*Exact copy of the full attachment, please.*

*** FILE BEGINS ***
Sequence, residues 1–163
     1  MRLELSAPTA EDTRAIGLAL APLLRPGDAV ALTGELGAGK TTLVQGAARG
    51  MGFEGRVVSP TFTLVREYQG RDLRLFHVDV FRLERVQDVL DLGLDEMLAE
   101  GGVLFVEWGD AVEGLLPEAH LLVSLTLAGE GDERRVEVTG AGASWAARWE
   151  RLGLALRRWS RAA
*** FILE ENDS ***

Sequence, residues 1–163
     1  MRLELSAPTA EDTRAIGLAL APLLRPGDAV ALTGELGAGK TTLVQGAARG
    51  MGFEGRVVSP TFTLVREYQG RDLRLFHVDV FRLERVQDVL DLGLDEMLAE
   101  GGVLFVEWGD AVEGLLPEAH LLVSLTLAGE GDERRVEVTG AGASWAARWE
   151  RLGLALRRWS RAA